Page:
2's Company 400's a Crowd - Air Force Academy manages one of the world's busiest flight lines

  • Published
  • By Tech. Sgt. Matthew Hannen
  • Torch Magazine
Swirling winds pick up without warning; thunderstorms roll over the mountains out of thin air; lightning strikes light up the sky with hair-raising frequency. It seems this would be one of the last places you'd want to establish an airfield for two missions - parachute and glider training - with more than a combined 400 sorties and jumps per day.

But for the U.S. Air Force Academy airfield located at the foot of the Rocky Mountains in Colorado Springs, Colo., it's business as usual. Not only do they overcome significant weather obstacles, they sport the busiest visual flight rules airfield in the world with the youngest student pilots in the Air Force. They fly more than 200 glider sorties per day and do nearly as many parachute jumps.

"For the amount of sorties we do a year, we have an amazing safety record," said Capt. Keith Henderlong, 306th Flying Training Group flight safety officer at the academy. "Our safety record is one of the (best) in the Air Force."

As a matter of fact, the academy's last Class A mishap (those that cost $1 million or more) occurred in 2002 when a glider experienced a structural failure. The cadet bailed out, suffering no injuries. The glider, however, was a total loss.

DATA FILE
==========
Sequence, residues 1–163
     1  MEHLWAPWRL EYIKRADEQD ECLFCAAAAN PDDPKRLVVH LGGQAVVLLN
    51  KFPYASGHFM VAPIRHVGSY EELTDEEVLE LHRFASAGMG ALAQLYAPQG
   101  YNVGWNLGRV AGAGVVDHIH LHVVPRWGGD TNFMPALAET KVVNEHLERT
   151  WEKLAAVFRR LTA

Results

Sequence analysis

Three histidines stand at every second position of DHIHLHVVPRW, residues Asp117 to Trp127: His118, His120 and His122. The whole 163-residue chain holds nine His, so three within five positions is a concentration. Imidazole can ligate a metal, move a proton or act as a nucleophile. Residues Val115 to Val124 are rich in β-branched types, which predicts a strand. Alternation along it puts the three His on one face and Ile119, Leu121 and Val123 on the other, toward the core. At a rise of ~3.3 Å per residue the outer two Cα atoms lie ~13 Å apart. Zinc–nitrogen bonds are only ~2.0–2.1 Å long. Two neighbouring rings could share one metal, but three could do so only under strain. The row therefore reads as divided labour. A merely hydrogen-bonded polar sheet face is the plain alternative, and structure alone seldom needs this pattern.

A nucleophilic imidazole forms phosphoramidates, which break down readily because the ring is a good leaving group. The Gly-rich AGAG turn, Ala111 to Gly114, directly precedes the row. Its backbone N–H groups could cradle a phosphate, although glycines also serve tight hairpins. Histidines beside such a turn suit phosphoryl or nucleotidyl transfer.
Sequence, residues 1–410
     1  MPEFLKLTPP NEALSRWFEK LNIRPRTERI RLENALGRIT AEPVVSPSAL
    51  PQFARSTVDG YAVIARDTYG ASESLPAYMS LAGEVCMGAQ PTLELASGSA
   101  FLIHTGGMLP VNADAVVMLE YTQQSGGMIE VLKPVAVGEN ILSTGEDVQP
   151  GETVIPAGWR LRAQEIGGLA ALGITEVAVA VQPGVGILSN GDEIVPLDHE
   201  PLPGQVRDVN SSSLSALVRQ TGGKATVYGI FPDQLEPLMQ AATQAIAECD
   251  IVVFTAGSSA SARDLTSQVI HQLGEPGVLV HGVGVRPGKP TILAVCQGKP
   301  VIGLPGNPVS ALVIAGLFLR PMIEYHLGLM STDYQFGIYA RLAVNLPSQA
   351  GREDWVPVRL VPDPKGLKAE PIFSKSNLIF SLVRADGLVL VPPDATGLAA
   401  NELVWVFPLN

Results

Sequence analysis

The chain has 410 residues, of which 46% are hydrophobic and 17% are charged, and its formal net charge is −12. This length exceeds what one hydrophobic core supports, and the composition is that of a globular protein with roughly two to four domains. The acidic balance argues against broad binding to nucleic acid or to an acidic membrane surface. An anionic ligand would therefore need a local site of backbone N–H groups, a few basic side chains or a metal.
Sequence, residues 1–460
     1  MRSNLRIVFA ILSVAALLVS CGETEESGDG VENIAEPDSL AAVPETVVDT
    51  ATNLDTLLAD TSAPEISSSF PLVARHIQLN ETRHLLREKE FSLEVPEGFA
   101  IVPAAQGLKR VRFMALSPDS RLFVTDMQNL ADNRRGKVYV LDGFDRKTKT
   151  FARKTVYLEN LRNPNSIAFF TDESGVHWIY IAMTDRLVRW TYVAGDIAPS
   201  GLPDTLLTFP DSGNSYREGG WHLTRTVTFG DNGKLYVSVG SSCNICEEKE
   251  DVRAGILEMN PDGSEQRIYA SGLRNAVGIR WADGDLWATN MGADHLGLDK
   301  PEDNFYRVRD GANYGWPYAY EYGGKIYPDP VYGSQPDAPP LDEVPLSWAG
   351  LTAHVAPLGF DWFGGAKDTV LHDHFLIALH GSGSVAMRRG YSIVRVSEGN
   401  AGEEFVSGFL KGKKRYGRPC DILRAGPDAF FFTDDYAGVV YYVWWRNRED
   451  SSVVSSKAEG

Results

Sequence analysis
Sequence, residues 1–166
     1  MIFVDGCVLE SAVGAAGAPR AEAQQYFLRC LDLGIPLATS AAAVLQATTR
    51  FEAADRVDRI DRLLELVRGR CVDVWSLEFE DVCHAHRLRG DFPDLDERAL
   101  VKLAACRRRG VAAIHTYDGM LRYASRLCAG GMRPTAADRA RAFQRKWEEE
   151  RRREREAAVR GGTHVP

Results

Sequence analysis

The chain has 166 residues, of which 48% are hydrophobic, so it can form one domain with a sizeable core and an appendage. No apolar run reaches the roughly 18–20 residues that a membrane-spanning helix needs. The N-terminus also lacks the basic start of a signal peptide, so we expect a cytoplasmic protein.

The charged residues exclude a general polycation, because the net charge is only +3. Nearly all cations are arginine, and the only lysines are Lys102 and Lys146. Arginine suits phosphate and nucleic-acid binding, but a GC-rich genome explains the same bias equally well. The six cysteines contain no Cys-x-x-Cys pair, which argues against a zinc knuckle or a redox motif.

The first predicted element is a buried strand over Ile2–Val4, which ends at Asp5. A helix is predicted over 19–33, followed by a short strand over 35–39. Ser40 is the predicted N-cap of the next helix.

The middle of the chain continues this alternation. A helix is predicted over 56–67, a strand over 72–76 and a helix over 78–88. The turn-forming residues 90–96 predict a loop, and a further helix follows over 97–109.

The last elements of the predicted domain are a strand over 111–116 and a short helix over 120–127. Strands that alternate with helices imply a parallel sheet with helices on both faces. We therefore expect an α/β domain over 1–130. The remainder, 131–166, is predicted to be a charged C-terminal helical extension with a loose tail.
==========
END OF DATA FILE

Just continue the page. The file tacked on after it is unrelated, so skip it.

"When talking about parachutes and gliders, the wind can wreak havoc," said Capt. Tammer Mahdy, 306th FTG safety officer. "You can only do so much with a parachute. If a strong wind takes your chute, it takes you."

Weather challenges student training every day. And with so much activity going on, this 4,500-foot airfield can tend to seem small.

"We need to carefully coordinate our (flying activities) to make sure everybody is clear so nobody has any mid air collisions," said Cadet Josh Gunderson, glider instructor pilot. "The gliders, parachutists and the Twin Otter aircraft could easily cross paths. The fact that they don't very often is amazing."

With a combination of inexperienced students, bad weather, gliders, parachutes and Twin Otter aircraft, the Academy had to establish some safeguards to protect their students.

For instance, on the skydiving side, they switched from round chutes to square chutes in 1995 to give students more control when landing. This cuts down on off-field landings (such as on roads) and injuries. For the gliders, there are alternate landing fields near the airfield just in case the students can't make it back to the runway safely.

Additionally, when crossing the runway there is an alarm to let students know when aircraft are approaching.

"The cadets do great safety-wise because of their training and supervision," Henderlong said. "We are not trying to make outstanding pilots or skydivers out of them. We are trying to provide leadership through airmanship, and safety is a huge piece of that. They are getting exposed to safety early on in their careers and will be able to take that experience with them wherever they go."